Wednesday 17 October 2018

Quake-hit nuclear plant's 'ice wall' failing to hold back the tide

Aaron Sheldrick and Malcolm Foster

A COSTLY "ice wall" is failing to keep groundwater from seeping into the stricken Fukushima Dai-ichi nuclear plant, data from operator Tokyo Electric Power (Tepco) said, preventing it from removing radioactive melted fuel at the site seven years after the disaster.

When the ice wall was announced in 2013, Tepco assured sceptics that it would limit the flow of groundwater into the plant's basements, where it mixes with highly-radioactive debris from the site's reactors, to "nearly nothing".

However, since the ice wall became fully operational at the end of August, an average of 141 metric tonnes a day of water has seeped into the reactor and turbine areas, more than the average of 132 metric tonnes a day during the prior nine months, a Reuters analysis of the Tepco data showed.

The groundwater seepage has delayed Tepco's clean-up at the site and may undermine the entire decommissioning process for the plant, which was battered by a tsunami seven years ago this Sunday. Waves knocked out power and triggered meltdowns at three of the site's six reactors that spewed radiation, forcing 160,000 residents to flee, many of whom have not returned to this once-fertile coast.

Though called an ice wall, Tepco has attempted to create something more like a frozen soil barrier.

Using 34.5bn Yen (€263m) in public funds, Tepco sunk about 1,500 tubes filled with brine to a depth of 30 metres in a 1.5-kilometre perimeter around four of the plant's reactors. It then cooled the brine to -30 degrees Celsius.

The aim is to freeze the soil into a solid mass that blocks groundwater flowing from the hills west of the plant to the coast.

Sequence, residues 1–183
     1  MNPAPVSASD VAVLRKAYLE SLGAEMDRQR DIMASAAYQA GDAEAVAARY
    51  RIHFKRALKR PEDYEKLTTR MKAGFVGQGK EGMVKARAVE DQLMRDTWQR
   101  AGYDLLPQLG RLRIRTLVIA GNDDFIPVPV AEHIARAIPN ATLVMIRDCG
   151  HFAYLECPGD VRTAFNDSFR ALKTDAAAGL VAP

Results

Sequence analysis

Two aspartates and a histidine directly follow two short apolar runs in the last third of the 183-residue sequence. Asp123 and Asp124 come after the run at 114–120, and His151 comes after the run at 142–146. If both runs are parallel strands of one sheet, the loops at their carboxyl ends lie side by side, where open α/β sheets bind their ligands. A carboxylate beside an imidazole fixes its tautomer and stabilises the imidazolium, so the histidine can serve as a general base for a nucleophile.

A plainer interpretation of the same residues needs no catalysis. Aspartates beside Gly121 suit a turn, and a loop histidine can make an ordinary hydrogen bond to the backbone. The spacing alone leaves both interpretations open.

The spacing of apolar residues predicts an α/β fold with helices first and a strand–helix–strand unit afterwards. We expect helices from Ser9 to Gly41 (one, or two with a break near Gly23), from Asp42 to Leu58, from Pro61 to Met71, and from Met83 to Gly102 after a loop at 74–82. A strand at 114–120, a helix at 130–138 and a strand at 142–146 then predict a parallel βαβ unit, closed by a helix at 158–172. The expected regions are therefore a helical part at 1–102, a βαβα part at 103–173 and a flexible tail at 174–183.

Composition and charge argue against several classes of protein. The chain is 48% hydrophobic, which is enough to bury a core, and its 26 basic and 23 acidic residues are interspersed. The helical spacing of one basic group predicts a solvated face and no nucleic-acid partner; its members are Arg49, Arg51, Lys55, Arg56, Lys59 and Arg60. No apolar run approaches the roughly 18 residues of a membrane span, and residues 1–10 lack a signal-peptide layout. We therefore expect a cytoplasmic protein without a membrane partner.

However, the continuing seepage has created vast amounts of toxic water that Tepco must pump out, decontaminate and store in tanks at Fukushima that now number 1,000, holding one million tonnes. It says it will run out of space by early 2021.

"I believe the ice wall was 'oversold' in that it would solve all the release and storage concerns," said Dale Klein, the former chairman of the US Nuclear Regulatory Commission and the head of an external committee advising Tepco on safety issues.

"The hydrology of the Fukushima site is very complicated and thus the exact water flow is hard to predict," he said, "especially during heavy rains."

The water inflows often fluctuate with rainfall. The dry month of January averaged 83 tons a day, Tepco data showed. But when a typhoon struck during the last week of October, 866 tons a day poured into the reactors.

Overall, Tepco says a combination of drains, pumps and the ice wall has cut water flows by three-quarters.

It is hard to measure exactly how much the ice wall is contributing, Tepco officials say, but based on computer analysis the utility estimates the barrier is reducing water flows by about 95 tonnes a day compared to two years ago, before the barrier was operating. A government-commissioned panel this week offered a mixed assessment of the ice wall, saying it was partially effective but more steps were needed.

Controlling groundwater seepage using the ice wall has been central to Japan's programme to show it had the Fukushima decommissioning in hand.

In addition to the building costs, the ice wall needs an estimated 44m kilowatt hours of electricity a year to run, enough to power about 15,000 typical Japanese homes. (Reuters)

Irish Independent

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